CMTI 2019: Regulation and investment needed to support European innovation
Positive regulatory frameworks and increased investment capacity will be needed across the European Union if the bloc is to make the most of a wave of innovation sweeping financial services, says Odile Renaud-Basso, general manager for the ministry of economy and finance at the French Treasury, speaking at the Association for Financial Markets in Europe (AFME) Capital Markets Innovation event in Paris this week.
“There is a debate happening around balancing innovation and regulation in all countries,” she says. “All regulators are trying to test new avenues while asserting some very important principles. It’s our responsibility that innovation doesn’t create a block hole where illicit activities can grow.”
In the aftermath of the financial crisis, adds Renaud-Basso, there have been “huge” regulatory changes at both the international and European level.
The result of this has been the creation of a set of institutions which Renaud-Basso says are much stronger and much more resilient than they were in 2008.
“When we saw the crisis coming, we looked at America and thought ‘Europe is safe, we have no sub prime here’ but didn’t realise how deep some connections go within the market. We need to be – and are – more vigilant.”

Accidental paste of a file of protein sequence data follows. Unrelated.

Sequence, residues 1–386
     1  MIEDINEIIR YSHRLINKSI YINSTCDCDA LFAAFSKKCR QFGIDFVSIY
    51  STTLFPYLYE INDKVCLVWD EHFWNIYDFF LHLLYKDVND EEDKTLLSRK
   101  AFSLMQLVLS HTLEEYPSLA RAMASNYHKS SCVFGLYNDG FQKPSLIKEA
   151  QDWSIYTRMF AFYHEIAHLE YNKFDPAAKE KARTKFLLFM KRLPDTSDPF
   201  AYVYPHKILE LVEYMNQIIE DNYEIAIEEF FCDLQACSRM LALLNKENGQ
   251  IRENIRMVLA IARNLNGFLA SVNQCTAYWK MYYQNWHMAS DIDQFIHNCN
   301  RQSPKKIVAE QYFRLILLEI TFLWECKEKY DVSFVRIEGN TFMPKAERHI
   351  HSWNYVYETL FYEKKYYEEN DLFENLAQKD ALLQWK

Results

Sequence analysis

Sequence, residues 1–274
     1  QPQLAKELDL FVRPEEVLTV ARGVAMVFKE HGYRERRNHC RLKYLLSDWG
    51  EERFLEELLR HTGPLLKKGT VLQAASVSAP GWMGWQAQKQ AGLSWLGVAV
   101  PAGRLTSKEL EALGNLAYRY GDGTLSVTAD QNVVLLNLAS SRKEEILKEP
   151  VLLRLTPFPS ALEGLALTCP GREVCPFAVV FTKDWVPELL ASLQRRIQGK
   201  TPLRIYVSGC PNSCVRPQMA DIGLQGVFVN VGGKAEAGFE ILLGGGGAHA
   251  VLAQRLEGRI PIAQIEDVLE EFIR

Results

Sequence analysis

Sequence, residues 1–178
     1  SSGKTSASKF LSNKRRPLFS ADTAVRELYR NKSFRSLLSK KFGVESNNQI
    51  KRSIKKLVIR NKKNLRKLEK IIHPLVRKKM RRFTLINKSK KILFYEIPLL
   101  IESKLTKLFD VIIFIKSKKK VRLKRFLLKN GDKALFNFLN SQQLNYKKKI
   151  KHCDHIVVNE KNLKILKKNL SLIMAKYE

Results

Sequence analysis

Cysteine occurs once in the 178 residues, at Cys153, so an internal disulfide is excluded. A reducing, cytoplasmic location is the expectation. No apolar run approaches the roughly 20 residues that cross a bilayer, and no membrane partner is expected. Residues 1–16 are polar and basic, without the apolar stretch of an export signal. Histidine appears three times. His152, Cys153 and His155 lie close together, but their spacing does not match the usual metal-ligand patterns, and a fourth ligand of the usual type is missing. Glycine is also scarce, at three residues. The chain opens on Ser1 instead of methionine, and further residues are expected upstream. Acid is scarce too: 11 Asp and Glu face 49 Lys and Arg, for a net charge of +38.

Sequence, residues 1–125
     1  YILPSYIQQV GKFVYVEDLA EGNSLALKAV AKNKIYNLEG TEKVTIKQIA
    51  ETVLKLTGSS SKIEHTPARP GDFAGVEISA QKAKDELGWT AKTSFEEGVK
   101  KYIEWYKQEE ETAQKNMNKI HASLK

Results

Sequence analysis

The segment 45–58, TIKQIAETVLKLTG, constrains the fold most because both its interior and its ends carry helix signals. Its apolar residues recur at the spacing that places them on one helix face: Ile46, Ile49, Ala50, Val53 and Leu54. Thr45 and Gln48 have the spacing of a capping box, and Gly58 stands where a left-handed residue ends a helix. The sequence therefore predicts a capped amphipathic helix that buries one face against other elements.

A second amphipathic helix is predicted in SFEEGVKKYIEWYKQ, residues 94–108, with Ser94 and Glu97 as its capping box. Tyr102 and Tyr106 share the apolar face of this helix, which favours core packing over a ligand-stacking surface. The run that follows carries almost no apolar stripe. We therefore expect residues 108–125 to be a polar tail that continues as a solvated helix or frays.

There remains a lot of uncertainty in the global economy, she adds. “Will the US and China reach an agreement? Will there be new measures and trade tariffs applied to Europe? What is going to happen with Brexit? All of this creates a slowdown as people wait to take investment decisions.”
Despite a tight labour market in the US, European countries’ wages are not going up, says Renaud-Basso. This brings a lot of debate about new paradigms and what the monetary policy reaction should be: “All of this has impacts on the market.”
France has a lot of young professionals wiling to engage in entrepreneurial projects, but the country has a major challenge in scaling companies, she adds, as these new firms fail to find sufficient investment to remain based in Europe and are bought by big companies from the US. “This is a big loss for us, even if it is good globally.”